You didn't provide any test results or diagnostic fault code numbers, so I'm just going by what has been real common and what your mechanic said is needed.
One thing I should try to explain as best I can is how these codes are set. Typically the signal from one sensor gets weak first, and you run to the mechanic. Based on the fault code number, and his experience, he knows to replace that wheel bearing. The problem arises when you try to live with this for many months. When the yellow warning light is on, the system is turned off and many of the self-tests are suspended. During that time the same problem may develop on the other front bearing, but since the tests are not being run, a fault code for that second bearing won't be set. When you finally do go in for service, all the mechanic has to go on is the one fault code stored in the computer's memory, so he writes you an estimate to replace just that one bearing. It isn't until he replaces the bearing, erases that fault code, and goes out on a test-drive that the self-tests resume and the missing signal from the other wheel is detected. If the problem is still intermittent, it may not be detected for minutes, hours or days. You might have the warning light turn on a few minutes after you leave the repair shop. Naturally you think the mechanic is incompetent or you were ripped off, but in reality, the car just needed more parts than either of you knew about. Mechanics hate this too because they know they did the proper repair but they also know this design makes them look incompetent.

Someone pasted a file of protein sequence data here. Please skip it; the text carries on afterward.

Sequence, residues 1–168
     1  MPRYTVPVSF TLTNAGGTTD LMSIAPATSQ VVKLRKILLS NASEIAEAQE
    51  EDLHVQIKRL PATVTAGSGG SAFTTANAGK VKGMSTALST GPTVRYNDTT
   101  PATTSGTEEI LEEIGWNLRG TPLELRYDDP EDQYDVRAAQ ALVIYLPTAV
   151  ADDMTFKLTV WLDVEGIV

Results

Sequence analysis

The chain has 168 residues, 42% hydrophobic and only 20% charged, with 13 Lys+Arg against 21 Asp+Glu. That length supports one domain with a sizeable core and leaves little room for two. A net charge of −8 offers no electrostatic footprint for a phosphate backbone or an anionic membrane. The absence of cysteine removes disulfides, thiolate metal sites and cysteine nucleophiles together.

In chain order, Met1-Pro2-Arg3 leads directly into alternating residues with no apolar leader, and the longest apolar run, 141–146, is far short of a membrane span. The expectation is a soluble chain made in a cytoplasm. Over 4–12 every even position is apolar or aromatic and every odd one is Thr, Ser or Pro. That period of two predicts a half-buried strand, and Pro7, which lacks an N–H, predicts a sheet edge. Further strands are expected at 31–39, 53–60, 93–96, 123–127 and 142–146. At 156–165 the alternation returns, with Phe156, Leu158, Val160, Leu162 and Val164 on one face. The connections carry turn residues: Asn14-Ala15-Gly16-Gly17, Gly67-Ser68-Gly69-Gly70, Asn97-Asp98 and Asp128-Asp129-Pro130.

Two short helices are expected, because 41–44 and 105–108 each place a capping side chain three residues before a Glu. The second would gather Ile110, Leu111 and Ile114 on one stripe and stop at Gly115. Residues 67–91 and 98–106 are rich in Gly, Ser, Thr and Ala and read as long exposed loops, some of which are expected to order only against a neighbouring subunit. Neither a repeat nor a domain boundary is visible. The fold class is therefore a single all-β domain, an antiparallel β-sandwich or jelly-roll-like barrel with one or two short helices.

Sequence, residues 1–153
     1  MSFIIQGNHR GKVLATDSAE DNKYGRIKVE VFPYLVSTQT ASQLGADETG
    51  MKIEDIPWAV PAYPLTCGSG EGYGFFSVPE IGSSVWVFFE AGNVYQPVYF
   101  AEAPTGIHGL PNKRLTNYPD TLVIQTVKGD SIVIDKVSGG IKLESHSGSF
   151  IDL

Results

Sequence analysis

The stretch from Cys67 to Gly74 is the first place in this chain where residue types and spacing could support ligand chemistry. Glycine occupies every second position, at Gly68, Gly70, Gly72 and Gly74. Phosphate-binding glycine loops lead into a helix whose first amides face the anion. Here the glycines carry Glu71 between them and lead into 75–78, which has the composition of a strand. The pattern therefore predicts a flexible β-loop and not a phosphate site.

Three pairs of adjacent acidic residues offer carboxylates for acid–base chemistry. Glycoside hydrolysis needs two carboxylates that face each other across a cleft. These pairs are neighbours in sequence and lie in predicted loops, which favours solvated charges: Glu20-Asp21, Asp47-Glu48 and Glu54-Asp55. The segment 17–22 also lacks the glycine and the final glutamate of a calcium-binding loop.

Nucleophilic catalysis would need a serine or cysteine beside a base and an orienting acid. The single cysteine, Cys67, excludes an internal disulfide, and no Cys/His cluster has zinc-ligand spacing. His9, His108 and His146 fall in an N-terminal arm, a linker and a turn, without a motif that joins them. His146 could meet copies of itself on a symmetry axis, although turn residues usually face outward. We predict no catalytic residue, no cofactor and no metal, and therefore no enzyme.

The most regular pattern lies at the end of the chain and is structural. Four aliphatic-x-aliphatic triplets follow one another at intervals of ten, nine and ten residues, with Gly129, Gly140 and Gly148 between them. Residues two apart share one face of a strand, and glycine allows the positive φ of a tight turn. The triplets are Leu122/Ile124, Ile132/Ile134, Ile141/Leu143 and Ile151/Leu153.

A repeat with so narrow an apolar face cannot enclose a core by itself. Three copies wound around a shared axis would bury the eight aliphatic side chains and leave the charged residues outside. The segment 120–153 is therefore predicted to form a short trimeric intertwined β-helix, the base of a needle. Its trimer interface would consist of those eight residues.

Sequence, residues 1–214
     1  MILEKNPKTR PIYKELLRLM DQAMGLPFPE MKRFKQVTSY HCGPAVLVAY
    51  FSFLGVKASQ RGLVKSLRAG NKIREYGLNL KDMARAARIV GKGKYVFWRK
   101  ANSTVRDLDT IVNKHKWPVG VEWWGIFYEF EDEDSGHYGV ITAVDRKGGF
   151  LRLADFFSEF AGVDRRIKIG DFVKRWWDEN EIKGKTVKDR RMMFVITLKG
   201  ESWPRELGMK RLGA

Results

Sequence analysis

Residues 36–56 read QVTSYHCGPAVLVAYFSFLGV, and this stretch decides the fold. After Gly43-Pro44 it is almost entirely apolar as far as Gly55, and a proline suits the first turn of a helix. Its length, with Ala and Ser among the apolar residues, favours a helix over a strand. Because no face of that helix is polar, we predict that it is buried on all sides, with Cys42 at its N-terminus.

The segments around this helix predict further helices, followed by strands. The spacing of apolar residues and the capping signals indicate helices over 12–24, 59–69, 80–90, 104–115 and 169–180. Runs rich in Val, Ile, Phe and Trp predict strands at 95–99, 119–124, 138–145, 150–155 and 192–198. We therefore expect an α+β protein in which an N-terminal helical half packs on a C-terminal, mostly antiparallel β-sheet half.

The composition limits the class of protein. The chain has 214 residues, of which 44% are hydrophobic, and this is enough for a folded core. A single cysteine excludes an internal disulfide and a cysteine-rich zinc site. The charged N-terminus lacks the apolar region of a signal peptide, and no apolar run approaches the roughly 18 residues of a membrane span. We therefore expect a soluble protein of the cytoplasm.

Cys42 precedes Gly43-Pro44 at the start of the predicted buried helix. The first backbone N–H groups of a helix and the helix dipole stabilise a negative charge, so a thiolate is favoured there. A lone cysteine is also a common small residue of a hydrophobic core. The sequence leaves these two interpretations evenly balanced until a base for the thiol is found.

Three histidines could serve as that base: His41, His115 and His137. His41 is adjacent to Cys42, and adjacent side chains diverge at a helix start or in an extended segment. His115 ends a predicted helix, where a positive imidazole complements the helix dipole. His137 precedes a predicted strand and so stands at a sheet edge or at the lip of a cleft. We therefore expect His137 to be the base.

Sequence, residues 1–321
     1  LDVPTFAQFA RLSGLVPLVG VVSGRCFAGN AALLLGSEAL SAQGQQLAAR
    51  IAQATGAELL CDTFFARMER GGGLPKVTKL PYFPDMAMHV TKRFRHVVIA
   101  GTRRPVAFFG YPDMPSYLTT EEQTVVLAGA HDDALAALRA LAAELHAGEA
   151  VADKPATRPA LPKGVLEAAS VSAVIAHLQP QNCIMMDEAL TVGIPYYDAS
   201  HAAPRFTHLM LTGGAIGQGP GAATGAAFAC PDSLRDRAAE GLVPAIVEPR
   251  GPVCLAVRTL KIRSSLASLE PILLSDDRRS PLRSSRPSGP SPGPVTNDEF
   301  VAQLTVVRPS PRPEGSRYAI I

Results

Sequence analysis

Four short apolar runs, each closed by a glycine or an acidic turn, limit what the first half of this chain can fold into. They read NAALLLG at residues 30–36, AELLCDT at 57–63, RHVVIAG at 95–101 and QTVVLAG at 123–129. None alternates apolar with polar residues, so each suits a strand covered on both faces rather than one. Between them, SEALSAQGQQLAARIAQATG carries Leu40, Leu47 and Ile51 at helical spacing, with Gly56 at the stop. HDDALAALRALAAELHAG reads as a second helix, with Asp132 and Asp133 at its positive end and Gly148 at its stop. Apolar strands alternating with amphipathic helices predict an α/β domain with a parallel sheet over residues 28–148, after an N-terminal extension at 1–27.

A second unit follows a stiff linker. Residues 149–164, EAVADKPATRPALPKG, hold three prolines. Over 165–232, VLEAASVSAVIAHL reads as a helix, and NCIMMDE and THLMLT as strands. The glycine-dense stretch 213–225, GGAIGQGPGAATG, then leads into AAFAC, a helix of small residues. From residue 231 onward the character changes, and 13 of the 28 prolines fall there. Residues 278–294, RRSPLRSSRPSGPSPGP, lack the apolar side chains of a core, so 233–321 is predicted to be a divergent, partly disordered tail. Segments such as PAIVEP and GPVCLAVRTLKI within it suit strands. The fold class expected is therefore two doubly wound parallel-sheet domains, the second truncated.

When you turn around and go back to the shop, the mechanic will recheck his work and will start by reading the diagnostic fault codes again. That's where he will find a new code number for the other wheel. We hate having to tell you more parts are needed, but we have no choice. This seriously adds to the bad reputation we have that is mostly undeserved.
I got the impression you took the car in to be checked right after the warning light came on, so it's almost a certainty that only one wheel is causing the problem at this time, and you need just one bearing assembly. If that is correct, I suspect your mechanic told you both bearings are needed because he knows this is a real common problem, both bearings are the same age, (most likely), and have the same amount of play / wear, so to avoid hard feelings later, he knows it's best to just change them both right now. In the long run that is better than replacing one bearing now and making you come back a second time a month or two from now, when you won't be happy. Think of it like having a worn spark plug that causes a misfire. They're all the same age so even though only one is bad, we replace all of them at once. You'd really be unhappy if we made you come back numerous times every time one spark plug failed.
Tuesday, April 5th, 2016 AT 8:24 PM